Malaria deaths reduces in Ghana since 2017

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Politics Malaria Reduction
Politics Malaria Reduction

Dr Archibald Yao Letsa, the Volta Regional Minister, has described the reduction in number of malaria deaths in the country from 599 in 2017 to 275 in the first quarter of 2022 as a remarkable progress.

He said the success was because of the number of malaria prevention and control programmes by the Ghana Health Service through the National Malaria Control Programme such as mass distribution of Long-Lasting Insecticidal Nets (LLINs) and Indoor Residual Spraying (IRS).

Dr Letsa, speaking during the 2022 World Malaria Day, commemorated in Hohoe, said there could be significant reduction in number of malaria cases and deaths if the interventions and programmes were complemented by favourable uptake by the entire population.

From 2017 to 2022, he said close to 1,000 families had been spared the agony of losing a loved one who would bring hope to them and money to be spent on hospital bills could be channeled through other development projects .

Dr Letsa said data at hand revealed that the Volta and Western regions constituted the two highest burden regions in Ghana, accounting for almost 50 per cent of the proportion of malaria cases in the population at any point in time.

“Although progress is being made, we have to accelerate our efforts to match up with the entire country. Malaria, like most other disease, inflicts upon us a double agony of sickness and poverty,” he said.

Monthly clean-ups to rid communities of reasonably preventable conditions, which allowed for the breeding of mosquitoes, enforcing sanitation bye-laws by assemblies to stimulate the right sanitary practices and the Government partnering Zoomlion Ghana and some waste management companies to produce and distribute free waste bins to homes are some socio-economic factors to reduce the burden of malaria.

To avoid malaria complications, Dr Letsa urged the citizens to keep their environments clean, sleep under insecticide treated bed nets, pregnant women must take their malaria preventive medicines and for all to seek medical attention early, and get tested and treated for malaria.

Dr Felicia Owusu, on behalf of Dr Francis Kasolo, the WHO Representative, said the past year had seen significant breakthroughs in malaria prevention and control in spite of the Covid-19 pandemic.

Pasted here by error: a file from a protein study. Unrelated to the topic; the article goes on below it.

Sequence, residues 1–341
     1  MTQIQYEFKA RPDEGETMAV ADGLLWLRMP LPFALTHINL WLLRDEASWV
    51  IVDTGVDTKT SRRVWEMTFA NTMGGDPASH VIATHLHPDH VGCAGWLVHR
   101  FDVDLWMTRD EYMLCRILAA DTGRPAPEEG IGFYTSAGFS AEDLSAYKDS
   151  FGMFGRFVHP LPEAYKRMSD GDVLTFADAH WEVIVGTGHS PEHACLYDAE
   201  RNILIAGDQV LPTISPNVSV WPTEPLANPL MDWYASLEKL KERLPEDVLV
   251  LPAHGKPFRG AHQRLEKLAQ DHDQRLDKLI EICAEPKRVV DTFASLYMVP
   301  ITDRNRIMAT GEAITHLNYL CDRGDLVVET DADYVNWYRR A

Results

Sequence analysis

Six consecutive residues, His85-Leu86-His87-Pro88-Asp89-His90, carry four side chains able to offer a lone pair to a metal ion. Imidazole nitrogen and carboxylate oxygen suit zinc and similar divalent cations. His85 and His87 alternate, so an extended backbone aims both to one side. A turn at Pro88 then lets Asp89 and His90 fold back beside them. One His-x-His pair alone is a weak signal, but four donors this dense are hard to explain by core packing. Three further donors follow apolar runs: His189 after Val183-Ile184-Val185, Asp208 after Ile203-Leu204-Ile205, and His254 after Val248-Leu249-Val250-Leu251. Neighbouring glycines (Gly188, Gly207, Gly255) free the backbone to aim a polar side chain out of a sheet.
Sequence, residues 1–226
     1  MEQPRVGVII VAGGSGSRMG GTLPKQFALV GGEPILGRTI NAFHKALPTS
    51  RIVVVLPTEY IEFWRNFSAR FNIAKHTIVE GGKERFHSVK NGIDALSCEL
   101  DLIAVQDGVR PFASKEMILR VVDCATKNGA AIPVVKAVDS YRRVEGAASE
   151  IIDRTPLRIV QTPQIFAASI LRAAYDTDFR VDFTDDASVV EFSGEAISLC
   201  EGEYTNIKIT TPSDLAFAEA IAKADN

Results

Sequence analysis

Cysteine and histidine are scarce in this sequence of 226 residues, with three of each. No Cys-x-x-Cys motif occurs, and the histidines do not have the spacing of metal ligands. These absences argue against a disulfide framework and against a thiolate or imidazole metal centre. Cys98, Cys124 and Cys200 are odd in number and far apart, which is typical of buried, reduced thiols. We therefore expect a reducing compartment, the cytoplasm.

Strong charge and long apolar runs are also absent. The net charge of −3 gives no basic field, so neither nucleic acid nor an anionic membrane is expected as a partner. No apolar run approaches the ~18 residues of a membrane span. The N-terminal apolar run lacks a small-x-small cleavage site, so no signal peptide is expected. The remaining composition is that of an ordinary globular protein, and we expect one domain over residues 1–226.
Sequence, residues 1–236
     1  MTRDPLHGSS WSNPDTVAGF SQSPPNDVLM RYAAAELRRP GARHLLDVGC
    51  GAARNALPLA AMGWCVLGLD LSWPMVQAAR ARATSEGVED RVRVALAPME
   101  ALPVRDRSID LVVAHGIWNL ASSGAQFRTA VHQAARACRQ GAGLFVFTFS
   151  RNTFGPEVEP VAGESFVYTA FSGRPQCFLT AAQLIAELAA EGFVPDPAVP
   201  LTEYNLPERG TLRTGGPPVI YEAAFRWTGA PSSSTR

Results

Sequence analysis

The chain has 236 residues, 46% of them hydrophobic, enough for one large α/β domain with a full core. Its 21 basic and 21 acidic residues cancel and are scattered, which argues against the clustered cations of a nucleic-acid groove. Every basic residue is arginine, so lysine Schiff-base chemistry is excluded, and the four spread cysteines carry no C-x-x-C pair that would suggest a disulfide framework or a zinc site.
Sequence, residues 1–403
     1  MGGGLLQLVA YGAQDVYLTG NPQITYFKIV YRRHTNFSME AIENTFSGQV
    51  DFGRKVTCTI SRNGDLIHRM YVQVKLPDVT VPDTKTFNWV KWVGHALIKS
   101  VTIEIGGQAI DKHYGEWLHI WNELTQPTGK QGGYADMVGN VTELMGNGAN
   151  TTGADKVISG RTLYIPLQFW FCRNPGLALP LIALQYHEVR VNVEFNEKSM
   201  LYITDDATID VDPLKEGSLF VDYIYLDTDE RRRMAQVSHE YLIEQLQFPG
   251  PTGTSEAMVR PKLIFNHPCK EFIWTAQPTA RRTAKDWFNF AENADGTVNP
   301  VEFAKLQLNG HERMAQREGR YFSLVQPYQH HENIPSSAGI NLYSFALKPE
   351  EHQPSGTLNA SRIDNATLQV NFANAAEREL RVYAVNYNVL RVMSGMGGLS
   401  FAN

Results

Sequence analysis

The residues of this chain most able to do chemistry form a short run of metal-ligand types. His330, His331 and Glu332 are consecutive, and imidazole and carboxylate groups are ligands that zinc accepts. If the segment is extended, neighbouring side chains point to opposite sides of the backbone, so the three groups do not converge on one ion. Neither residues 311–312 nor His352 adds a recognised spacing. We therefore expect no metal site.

He said malaria still remained a significant public health and development challenge adding that in the last year, about 95 per cent of the estimated 228 million cases occurred in the WHO/AFRO Region, along with 602,020 reported deaths.

Dr Kasolo said six countries, the worst-impacted by malaria in the Region, were reported to have accounted for up to 55 per cent of cases globally and for 50 per cent of the deaths.

Despite some slowing of progress to reduce malaria cases and deaths and the disruptions to health services caused by COVID-19, they were still much further ahead than in 2000, adding: “We need to reignite that momentum and build on the recent advances.”

Dr Kasolo said the malaria vaccine was an additional prevention tool  among children aged six months to five years, who lived in moderate- to high-transmission settings.

He called on the Government and communities to work closely with development partners to advance the countries along the road to elimination, while contributing to the achievement of the Sustainable Development Goals.

Dr Keziah Malm, the Programme Manager, National Malaria Control Programme, said in building resilience, Ghana must ensure that investments in malaria control interventions were increased and the advanced and newly proven interventions were scaled up to optimal levels.

She said there was currently a gap of about 412 million dollars for the country to fully implement the current strategic plan and urged  all Ghanaians to actively engage in the fight against malaria by using all available interventions to protect themselves and loved ones.

She called for stakeholder support to make progress in the fight against malaria since  “the journey to elimination is still far off.”

The event was on the theme: “Advance Equity. Build Resilience. End Malaria.”

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